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Sunday, July 10, 2022

The Betty Neumar Black Widow Murder Case

     In November 1950, Betty Johnson, an 18-year-old coal miner's daughter who had grown up in Ironton, a town in southeastern Ohio along the West Virginia border, married Clarence Malone. In 1952, shortly after the birth of their son Gary the couple divorced. At the time they were living outside of Cleveland. A year later, Betty married an alcoholic from New York City named James F. Flynn who died suddenly in 1955. In the years following Mr. Flynn's passing, Betty told people various stories of his death. She said that he had been killed in a car accident, was murdered on a New York City pier, and died in the snow from exposure. The cause and circumstances of his death are, to this day, unknown.

     In 1964, while working in Jacksonville Florida as a beautician, Betty, now 36, married a 29-year-old Navy man named Richard Sills. In April 1967 police officers found Mr. Sills shot to death in the bedroom of the couple's mobile home in Big Coppitt Key Florida. Betty told investigators that her husband, during an argument they were having, pulled out a .22-caliber pistol and shot himself in the heart. Mr Sill's highly suspicious death, without the benefit of an autopsy, was ruled a suicide. (Years later a forensic pathologist determined that Richard Sills had been shot twice.)

     Betty married an Army man named Harold Gentry in January 1968. Two years later Betty's first husband, Clarence Malone, was shot to death outside his automobile repair shop near Cleveland. Police never identified the gunman who in execution style shot Mr. Malone in the back of the head.

     Betty's 33-year-old son Gary Malone, in November 1985, was shot to death in his Cleveland area apartment. As the beneficiary to his life insurance policy Betty received $10,000. The police never identified Gary's killer.

     In July 1986, Betty and Harold Gentry who was now retired from the Army, were living in Norwood, North Carolina about 50 miles east of Charlotte. That month, someone fired six bullets into Mr. Gentry. Betty claimed to have been out of town when her fourth husband was shot to death in his own home. The police never identified the shooter. As a result of her fourth husband's untimely and sudden death, Betty enjoyed another life insurance payday.

     In 1991, the 60-year-old serial widow married her fifth and last husband, John Neumar. Nine years later while living in Augusta Georgia the couple owed $200,000 on 43 credit cards. They filed for bankruptcy. In October 2007 Mr. Neumar, at age 79, died. While his cause of death was listed as sepsis (a bacterial blood infection) Mr. Neumar's children believed his wife Betty had poisoned him to death with arsenic. Even though they had paid for a burial plot Betty had her husband's body quickly cremated. Those who suspect her of murdering Mr. Neumar believed she had him cremated to avoid an autopsy and telltale toxicology tests.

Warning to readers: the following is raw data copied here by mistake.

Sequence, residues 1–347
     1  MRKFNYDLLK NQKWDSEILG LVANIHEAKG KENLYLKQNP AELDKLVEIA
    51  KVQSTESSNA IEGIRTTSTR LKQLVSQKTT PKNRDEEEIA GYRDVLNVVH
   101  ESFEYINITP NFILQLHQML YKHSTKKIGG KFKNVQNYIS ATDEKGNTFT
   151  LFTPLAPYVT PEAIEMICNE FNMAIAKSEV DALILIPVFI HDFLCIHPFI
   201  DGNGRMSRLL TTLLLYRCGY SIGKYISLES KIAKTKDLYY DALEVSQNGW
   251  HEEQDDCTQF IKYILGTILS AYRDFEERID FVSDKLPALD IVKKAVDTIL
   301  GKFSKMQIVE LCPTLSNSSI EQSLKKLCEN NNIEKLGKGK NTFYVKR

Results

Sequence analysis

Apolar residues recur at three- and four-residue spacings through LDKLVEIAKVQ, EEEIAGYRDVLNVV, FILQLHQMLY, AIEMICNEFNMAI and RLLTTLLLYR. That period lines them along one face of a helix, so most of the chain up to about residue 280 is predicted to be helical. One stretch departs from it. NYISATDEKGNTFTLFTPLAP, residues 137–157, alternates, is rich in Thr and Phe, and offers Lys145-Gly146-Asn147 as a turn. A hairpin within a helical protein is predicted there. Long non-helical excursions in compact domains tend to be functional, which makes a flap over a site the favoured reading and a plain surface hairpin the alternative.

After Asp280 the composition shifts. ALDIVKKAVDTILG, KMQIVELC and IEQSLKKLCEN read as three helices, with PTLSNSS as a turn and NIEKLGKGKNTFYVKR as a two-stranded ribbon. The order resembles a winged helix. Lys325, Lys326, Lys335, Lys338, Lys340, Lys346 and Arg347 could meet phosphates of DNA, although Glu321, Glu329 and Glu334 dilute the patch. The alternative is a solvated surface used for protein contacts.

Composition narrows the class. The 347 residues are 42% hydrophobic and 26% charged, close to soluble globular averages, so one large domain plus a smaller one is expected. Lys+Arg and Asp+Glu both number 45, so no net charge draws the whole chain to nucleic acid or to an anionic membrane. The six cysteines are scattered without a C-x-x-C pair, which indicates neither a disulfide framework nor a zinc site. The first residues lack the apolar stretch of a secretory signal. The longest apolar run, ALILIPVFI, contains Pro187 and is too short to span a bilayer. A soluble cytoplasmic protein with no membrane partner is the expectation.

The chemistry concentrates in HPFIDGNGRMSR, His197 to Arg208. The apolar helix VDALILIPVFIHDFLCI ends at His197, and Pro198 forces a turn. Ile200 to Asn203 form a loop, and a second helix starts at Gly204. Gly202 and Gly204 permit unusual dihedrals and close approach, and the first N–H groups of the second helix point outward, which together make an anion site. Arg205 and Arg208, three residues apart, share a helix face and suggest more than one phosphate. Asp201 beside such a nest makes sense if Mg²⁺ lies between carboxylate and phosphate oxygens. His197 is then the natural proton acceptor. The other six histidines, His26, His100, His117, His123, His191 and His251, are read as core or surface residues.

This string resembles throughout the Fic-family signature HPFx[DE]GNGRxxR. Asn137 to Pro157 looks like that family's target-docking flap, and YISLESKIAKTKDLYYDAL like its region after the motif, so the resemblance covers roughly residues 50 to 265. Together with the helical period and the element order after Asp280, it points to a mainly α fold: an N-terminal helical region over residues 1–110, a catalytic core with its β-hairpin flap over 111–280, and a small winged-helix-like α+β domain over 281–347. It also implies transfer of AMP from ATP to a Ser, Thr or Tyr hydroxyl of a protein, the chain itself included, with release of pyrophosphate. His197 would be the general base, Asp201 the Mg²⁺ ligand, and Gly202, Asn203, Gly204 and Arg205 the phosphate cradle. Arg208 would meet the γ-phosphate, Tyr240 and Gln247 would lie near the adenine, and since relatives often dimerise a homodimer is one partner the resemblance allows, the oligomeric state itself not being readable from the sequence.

In 2008, following a cold-case homicide investigation in North Carolina, a grand jury indicted Betty Neumar on three counts of solicitation to commit the first-degree murder of her fourth husband, Harold Gentry. According to investigators, Betty had asked three people-- a former cop, a neighbor and a third man--to kill her husband. None of the potential hitmen carried out the murder, but a fourth person who was not identified, did follow through on the suspected contract killing.

     Almost a year after her arrest in the Harold Gentry case Betty Neumar posted her $300,000 bail. (Where did she get the money for that?) After being released from jail she moved to Louisiana. That year a television documentary about Betty Neumar called "Black Widow Granny" was aired on the BBC in the United Kingdom. Film-maker Norman Hull interviewed Betty and the relatives of her dead husbands who believed she had murdered them for their insurance money. In response to these accusations Betty said, "I cannot control when somebody dies. That's God's work." 

     Betty Neuman died of cancer in June 2011 while being treated a Fork Polk, Louisiana hospital. The so-called Black Widow passed away before the authorities in North Carolina could try her for soliciting Harold Gentry's murder. Under the law, Betty Neuman went to her death presumed innocent. Her former in-laws, however, did not share that presumption. 


  1. This is a good one! It almost reads like an old-fashioned crime novel. Someone has to write a book or make an LMN movie from it. Maybe Mr. Fisher

  2. I actually met Betty and John while I was working as a teller at a local credit union in Augusta many years ago and always admired how happy they were.

    1. Looks are deceiving. She got away with it, running , lying, and hiding all the way to Judgement Day.